Advisory boards can have tremendous power. But many companies don’t know how to use them.
The most common error is viewing your advisory board as a status symbol. Optimizing for optics causes companies to have more advisors than they really need, and to not think carefully about what expertise their advisors provide. Looking impressive may win you attention, but without value to back it up, your company’s long-term health will suffer.
The incorrect mindset is quantity over quality—impressiveness over utility.
The correct mindset, especially for startups, is hyper-focused, hyper-efficient value.
The best advisory boards render high-value insights and introductions. I’ve got a number of advisors, each with a very specific function—sales, mass-market consumer hard goods operations, corporate finance, branding, marketing, ESG. Each was selected with a very specific purpose in mind, and each provides tangible value within their realm.
Here’s how companies (especially startups) can make the most of their advisory boards:
1. Rather than assembling a full advisory board, start by engaging specific advisors. Startups often default to assembling full advisory boards before they really need them. They follow the conventional path without assessing whether it really suits them.
I have advisors, but I’ve never assembled a council or called an all-hands meeting. We’re just not big enough for those steps to be useful. Instead, I reach out to specific advisors when I have questions/goals in their areas of expertise. It’s much more time-efficient for me and for them than getting everyone together to talk about issues that only pertain to one or two of them.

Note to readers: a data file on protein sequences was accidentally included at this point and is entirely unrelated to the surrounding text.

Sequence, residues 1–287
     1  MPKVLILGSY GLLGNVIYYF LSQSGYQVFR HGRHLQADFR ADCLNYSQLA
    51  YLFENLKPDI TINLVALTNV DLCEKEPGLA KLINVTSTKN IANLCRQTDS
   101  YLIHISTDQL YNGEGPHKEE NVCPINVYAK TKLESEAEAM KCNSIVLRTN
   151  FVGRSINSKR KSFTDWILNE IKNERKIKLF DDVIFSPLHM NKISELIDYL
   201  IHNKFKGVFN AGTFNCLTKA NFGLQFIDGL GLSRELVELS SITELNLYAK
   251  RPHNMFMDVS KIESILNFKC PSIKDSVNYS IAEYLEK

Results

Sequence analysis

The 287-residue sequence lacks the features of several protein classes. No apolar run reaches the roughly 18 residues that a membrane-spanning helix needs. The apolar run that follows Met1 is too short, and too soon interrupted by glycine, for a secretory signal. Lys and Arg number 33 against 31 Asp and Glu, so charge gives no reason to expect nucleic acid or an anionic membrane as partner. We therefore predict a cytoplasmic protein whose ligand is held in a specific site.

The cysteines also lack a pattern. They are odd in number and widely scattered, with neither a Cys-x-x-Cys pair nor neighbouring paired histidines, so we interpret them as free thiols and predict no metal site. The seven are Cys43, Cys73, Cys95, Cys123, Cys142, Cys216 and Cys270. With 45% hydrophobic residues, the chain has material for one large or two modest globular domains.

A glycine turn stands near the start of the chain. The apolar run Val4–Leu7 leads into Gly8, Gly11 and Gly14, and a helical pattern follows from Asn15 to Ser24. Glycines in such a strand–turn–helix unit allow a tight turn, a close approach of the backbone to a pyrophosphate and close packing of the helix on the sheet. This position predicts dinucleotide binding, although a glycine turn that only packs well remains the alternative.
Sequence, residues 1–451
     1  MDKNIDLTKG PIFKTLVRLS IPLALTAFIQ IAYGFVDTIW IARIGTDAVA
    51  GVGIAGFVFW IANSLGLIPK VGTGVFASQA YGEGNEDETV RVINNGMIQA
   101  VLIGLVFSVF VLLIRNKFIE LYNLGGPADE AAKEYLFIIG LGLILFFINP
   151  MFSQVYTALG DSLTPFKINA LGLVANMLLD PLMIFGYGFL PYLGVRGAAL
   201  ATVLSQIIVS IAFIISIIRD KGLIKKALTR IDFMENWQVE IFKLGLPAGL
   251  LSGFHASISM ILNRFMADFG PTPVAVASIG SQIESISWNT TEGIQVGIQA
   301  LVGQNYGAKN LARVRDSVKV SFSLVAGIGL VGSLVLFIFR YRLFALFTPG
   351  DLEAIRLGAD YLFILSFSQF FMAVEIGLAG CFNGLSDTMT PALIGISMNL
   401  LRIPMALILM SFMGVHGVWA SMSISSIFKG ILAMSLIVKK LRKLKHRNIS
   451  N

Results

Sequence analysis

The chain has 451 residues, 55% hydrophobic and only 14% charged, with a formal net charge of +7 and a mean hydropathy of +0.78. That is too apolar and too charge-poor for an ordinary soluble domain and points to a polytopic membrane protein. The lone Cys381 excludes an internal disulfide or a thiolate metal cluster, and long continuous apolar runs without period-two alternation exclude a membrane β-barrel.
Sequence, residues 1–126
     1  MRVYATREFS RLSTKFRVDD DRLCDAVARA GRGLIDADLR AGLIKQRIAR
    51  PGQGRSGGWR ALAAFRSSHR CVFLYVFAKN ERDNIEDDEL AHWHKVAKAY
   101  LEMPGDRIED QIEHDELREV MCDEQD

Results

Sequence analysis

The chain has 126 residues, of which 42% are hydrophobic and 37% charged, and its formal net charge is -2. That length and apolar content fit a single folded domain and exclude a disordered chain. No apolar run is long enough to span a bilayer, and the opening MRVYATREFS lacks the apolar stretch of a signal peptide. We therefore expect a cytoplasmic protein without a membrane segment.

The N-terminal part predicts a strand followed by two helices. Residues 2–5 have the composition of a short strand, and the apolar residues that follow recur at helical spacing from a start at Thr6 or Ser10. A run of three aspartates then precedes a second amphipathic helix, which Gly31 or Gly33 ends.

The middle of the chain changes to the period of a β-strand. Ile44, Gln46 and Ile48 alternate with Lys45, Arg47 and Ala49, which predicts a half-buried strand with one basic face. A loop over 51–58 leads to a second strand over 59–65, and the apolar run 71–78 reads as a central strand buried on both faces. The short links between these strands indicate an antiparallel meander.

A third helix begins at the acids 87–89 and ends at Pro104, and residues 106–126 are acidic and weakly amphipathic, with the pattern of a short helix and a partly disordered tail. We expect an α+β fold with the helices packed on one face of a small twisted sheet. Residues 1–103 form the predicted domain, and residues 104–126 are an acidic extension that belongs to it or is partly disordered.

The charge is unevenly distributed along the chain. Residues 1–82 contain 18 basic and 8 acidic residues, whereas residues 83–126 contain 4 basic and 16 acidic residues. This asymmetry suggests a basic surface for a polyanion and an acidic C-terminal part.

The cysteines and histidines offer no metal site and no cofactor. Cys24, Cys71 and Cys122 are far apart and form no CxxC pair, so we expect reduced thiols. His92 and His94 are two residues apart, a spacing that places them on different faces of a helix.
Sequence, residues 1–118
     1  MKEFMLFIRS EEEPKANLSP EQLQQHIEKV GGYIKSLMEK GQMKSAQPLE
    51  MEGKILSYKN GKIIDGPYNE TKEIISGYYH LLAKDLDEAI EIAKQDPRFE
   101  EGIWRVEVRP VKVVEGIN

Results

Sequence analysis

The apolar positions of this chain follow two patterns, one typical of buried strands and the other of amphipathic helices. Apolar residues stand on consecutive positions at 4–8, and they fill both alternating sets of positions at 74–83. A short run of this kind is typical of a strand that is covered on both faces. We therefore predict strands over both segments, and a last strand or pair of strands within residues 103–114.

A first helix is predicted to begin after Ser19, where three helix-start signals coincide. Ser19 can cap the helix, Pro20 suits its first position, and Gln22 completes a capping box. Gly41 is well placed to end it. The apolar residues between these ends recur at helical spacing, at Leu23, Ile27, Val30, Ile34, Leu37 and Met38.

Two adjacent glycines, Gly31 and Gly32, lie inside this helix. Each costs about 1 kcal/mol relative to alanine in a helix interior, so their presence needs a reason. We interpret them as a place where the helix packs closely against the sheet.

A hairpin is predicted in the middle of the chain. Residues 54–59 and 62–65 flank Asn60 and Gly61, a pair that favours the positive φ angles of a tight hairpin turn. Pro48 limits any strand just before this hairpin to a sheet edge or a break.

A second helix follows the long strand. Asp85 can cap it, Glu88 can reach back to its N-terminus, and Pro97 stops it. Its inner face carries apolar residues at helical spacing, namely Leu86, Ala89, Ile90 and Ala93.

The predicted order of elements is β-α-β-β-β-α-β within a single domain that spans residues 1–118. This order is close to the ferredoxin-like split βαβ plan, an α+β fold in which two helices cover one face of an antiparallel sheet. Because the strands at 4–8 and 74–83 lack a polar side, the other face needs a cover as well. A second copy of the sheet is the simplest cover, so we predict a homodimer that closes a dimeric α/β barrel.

Additionally, don’t get more advisors than you need. There’s practically no situation where a Series A startup needs a 20-person advisory board. Having a small, well-calibrated list of advisors shows that a founder has focus. In my experience as an angel investor, a focused founder is infinitely more attractive than a scattered founder.
2. Give advisors real incentives (probably stock options grants). The ideal scenario is having specific advisors with specific areas of expertise that offer tangible value to your business. When you find them, you want to reflect that tangible value with tangible incentives.
I’ve found that stock options grants are the best all-around incentive. Options invest your advisors in the long-term performance of the business and prompt them to find ways to fuel it.
3. Think in terms of 6-month to 2-year problems. You should absolutely have a five-plus-year vision for your company. But that doesn’t mean you should engage people now who can address issues you’ll be facing in five years.
Almost all startups pivot several times before catching that exponential product-market fit. As such, your maximum realistic horizon will be two years, with much more pressing concerns arising in the six-month range. Engage advisors who can help with real issues at this stage of the journey, not imaginary issues beyond the horizon.
When serving on advisory boards, some principles to keep in mind:
1. Gauge your stage in life. I’ve seen certain entrepreneurs try to serve on as many boards as they can. But I know from experience that running your own company doesn’t give you a lot of free time to dive into another company’s strategy. So, more than helping those companies, what these entrepreneurs are really doing is burnishing their own reputations.
For entrepreneurs, serving on too many advisory boards pulls you away from your own company and can come across as a resumé play. I’ve seen the many-boards approach work, but only for people at later stages of their careers with both time and money in abundance.
2. Less is more; focus on quality. Regardless of whether you have the bandwidth to serve on one board or ten boards, you should only take opportunities where a) You’re interested in the work, and b) You can deliver real value. Taking something just because it’s available may give you a short-term burst of excitement. But the truth of how you feel about the company and about your role will come out eventually.
There are very few inherent guidelines when it comes to advisory boards. As a result, they’re often misused by people who don’t have their own meaningful set of guidelines. Quality always trumps quantity; value always trumps appearance; focus always trumps excess.